• Hands-on activities are important in and of themselves, and also stimulate mathematical and scientific experience. (Alliance for Childhood)

    Discovery model of instruction
    Discovery Model of Instruction contributions:



    • Children can explore and experiment

    • Allows decision making and reasoning

    • Encourages questioning

    • Promotes independence

    • Requires wide array of materials

    • Children may not learn to follow rules as well

    Child Care and Guidance, Management, and Services

    Whole child assessment tools
    Whole Child Assessment Tools contributions:

    • ANECDOTAL RECORDS are short written descriptions of behaviors or events. While watching, jot down enough information to get the basic story Separate your interpretations or opinions. Write your interpretations on the back of the page or put them in parentheses.

    • PHOTOGRAPHS communicate to children, parents, and administrators the process of how knowledge is constructed. You can use digital photos and images and send them to parents via email.

    • AUDIOTAPING children's verbal communication will provide you with information about their language skills as well as their development as cooperative players and problem solvers.

    • VIDEOTAPING allows you to assess action and emotion and look closely at children engaged in events in your program.

    • WORK SAMPLES You can save originals and make photocopies of children's writing and artwork. It is important to remember to date each work sample.

    • CHECKLISTS are quick, efficient tools that enable you to record children's behaviors and abilities easily. Be sure the checklists are age-appropriate for the children you're observing.

    • PORTFOLIOS are organized collections of children's work throughout the school year. They may include photos, audio and videotapes, checklists, anecdotes, and work samples. At the beginning of the year, determine the type of information you need to collect. A summary sheet is usually written twice a year to evaluate the information collected in each child's portfolio.

    Final thoughts
    Final Thoughts contributions:

    Final thoughts1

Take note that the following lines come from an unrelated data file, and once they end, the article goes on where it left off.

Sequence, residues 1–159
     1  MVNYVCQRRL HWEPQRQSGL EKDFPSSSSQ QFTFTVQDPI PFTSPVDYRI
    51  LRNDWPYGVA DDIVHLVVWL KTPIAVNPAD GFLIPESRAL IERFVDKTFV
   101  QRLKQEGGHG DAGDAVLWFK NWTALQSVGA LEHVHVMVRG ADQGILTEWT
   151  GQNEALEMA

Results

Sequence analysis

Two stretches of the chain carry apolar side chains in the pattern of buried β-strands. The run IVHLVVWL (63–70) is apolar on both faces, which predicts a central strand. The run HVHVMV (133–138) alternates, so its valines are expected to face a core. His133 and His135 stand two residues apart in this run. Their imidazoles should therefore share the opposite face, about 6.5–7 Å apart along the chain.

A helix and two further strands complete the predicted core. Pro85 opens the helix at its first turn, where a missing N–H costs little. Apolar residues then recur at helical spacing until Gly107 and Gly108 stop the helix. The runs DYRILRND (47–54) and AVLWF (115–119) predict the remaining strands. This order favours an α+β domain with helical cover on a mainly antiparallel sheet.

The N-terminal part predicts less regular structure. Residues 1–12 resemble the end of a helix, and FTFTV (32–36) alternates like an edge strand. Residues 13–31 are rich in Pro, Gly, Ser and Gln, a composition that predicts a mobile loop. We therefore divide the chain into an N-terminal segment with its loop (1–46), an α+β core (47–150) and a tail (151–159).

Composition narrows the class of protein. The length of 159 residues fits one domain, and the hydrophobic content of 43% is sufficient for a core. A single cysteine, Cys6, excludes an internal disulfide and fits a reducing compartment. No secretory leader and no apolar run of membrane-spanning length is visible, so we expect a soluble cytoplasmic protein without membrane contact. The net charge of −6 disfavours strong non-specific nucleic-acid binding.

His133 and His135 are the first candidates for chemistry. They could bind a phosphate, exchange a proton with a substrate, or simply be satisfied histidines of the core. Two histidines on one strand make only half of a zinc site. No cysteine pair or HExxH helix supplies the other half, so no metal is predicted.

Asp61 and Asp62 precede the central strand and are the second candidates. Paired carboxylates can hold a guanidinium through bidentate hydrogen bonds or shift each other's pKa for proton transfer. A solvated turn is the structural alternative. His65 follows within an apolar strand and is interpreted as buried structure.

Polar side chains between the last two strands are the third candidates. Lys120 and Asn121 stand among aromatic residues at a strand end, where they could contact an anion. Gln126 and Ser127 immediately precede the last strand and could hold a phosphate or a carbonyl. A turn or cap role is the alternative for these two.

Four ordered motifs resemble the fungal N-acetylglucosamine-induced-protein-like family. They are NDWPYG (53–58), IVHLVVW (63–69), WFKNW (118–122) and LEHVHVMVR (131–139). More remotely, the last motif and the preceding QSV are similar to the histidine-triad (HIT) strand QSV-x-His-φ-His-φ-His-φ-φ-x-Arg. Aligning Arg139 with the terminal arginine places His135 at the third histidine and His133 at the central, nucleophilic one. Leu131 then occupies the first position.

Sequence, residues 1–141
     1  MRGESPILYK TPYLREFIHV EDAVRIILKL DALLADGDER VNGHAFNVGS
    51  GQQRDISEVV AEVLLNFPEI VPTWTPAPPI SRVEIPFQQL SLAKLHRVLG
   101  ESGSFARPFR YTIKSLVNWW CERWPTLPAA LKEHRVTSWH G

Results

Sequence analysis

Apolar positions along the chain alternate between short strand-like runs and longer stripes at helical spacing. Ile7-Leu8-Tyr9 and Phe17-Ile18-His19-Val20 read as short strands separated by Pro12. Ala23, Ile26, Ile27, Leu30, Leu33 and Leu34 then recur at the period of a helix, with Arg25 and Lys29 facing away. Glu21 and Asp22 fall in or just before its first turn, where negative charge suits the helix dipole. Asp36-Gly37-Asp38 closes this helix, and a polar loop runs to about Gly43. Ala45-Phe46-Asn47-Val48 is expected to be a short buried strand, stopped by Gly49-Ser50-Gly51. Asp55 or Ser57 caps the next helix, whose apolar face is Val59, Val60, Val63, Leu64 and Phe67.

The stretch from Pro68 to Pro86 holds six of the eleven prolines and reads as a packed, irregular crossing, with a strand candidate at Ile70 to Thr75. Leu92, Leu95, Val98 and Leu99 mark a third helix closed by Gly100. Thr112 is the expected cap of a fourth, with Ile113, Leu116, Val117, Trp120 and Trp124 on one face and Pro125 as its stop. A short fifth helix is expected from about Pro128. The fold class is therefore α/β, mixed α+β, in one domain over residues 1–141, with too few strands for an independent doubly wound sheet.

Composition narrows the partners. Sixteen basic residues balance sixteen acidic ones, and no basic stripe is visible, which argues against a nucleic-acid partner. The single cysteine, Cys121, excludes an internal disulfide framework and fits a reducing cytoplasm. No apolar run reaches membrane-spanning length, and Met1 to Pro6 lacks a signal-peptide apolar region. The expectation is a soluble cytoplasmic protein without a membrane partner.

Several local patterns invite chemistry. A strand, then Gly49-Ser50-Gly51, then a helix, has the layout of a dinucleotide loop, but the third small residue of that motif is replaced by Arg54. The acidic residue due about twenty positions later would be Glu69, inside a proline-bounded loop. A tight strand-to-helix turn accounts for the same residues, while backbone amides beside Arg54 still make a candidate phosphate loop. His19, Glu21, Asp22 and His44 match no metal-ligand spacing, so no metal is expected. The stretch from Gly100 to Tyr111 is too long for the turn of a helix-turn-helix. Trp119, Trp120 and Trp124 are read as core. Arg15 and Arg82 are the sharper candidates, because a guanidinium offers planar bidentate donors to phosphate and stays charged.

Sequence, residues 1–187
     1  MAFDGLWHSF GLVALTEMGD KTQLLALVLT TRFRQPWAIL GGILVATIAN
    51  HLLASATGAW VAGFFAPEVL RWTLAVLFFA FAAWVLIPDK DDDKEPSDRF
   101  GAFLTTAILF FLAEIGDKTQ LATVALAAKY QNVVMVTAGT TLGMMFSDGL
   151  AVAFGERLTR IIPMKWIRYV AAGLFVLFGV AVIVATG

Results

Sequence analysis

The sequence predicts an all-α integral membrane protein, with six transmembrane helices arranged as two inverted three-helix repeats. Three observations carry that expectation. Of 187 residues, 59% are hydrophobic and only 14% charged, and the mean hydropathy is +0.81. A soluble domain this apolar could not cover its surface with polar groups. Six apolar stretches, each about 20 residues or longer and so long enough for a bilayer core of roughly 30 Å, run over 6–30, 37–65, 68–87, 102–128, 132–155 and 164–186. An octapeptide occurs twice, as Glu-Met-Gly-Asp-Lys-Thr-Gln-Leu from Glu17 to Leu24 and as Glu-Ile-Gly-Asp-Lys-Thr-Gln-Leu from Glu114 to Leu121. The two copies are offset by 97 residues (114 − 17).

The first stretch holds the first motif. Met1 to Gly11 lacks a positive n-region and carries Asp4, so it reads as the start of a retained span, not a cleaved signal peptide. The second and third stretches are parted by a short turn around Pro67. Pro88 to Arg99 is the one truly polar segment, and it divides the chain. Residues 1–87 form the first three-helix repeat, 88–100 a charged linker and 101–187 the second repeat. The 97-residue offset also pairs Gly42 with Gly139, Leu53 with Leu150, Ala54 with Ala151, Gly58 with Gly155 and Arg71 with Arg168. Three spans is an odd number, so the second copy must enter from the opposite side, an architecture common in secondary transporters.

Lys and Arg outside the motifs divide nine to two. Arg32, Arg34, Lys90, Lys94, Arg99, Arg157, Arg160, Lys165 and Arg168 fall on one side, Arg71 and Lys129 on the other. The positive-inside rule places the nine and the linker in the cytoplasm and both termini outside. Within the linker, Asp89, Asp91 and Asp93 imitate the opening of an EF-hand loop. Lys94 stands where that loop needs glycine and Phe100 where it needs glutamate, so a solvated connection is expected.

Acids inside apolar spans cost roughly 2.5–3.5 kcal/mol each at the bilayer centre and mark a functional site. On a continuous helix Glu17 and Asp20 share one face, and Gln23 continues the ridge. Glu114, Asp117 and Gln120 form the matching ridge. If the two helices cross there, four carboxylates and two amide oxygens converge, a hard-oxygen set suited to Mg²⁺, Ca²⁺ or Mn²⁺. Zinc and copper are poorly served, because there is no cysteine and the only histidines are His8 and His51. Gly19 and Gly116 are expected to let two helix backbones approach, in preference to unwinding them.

Final Thoughts contributions:

    • Children respond to educational situations not only intellectually, but emotionally and socially as well.

    • To neglect the social and emotional aspects of development is incomplete and does not help children reach their full potential. (Laying the Foundation)

    • Teachers should be empowered to draw on their expertise to develop, adapt, and use whatever pedagogy will work best with particular students and content. (Countering Standardization)

    Questions? contributions:

    Works cited
    Works Cited contributions:

    Child Care and Guidance, Management, and Services Curriculum Guide. (1992).

    Cohen, Lynn, and Bonnie Blagojevic. "Starting school: observing the whole child." Scholastic Early Childhood Today. 17.1 (September 2002): 38-46.

    "Curriculum-Development Group Urges Focus Shift to Whole Child." Education Week 26.29 (2007): 7. Academic OneFile. Web. 3 Dec. 2010.

    Ebner, Aviva. "Making connections through visual arts: in the race to improve academic offerings and raise test scores, some schools have neglected to educated the whole child." Leadership 36.2 (2006): 26+. Academic OneFile. Web. 4 Dec. 2010.

    Edwards, Suzy. "Children's learning and developmental potential: examining the theoretical informants of early childhood curricula from the educator's perspective." Early Years: Journal of International Research & Development 25.1 (2005): 67-80. Professional Development Collection. EBSCO. Web. 29 Nov. 2010.

    Eisner, Elliot. "Back to Whole." Educational Leadership. 63.1 (September 2005): 14-18.

    "Guiding Children to Explore and Create." Early Childhood Today 17.7 (2003): 12. Professional Development Collection. EBSCO. Web. 29 Nov. 2010.

    Hanzelka, Richard. "The Katha School: Where Learning Matters." Educational Leadership. 64.8 (May 2007): 66-9.

    HarvardEducation. " YouTube - The Science of Early Childhood Development ." YouTube - Broadcast Yourself. . N.p., n.d. Web. 4 Dec. 2010. <>.

    Honawar, Vailshali. "Curriculum-Development Group Urges Focus Shift to Whole Child." Education Week. 26.29 (March 28 2007): 7.

    Landsman, Julie, and Paul Gorski. "Countering Standardization." Educational Leadership. 64.8 (May 2007): 40-4.

    Lodish, Richard. "Balancing the "whole child"." Principal (Reston, Va.). 78.3 (January 1999): 54-5.

    Perkins-Gough, Deborah. "A Focus on the Whole Child." Educational Leadership. 65.7 (April 2008): 96.

    Rankin, Baji. "The Importance of Intentional Socialization Among Children in Small Groups: A Conversation with Loris Malaguzzi." Early Childhood Education Journal 32.2 (2004): 81-85. Professional Development Collection. EBSCO. Web. 29 Nov. 2010.

    Schroeder, Ken. "Kids Need Play." Education Digest 72.5 (2007): 73-74. Professional Development Collection. EBSCO. Web. 29 Nov. 2010.

    Spodek, Bernard, and Olivia N. Saracho. "“On the Shoulders of Giants”: Exploring the Traditions of Early Childhood Education." Early Childhood Education Journal 31.1 (2003): 3. Professional Development Collection. EBSCO. Web. 29 Nov. 2010.

    Strickland, Eric. "Time to Get Physical!." Early Childhood Today 19.1 (2004): 10. Professional Development Collection. EBSCO. Web. 29 Nov. 2010.

    "Theories of Child Development and Learning." North Central Regional Educational Laboratory. North Central Regional Educational Laboratory, 4 Dec. 2010. Web. 4 Dec. 2010. <>.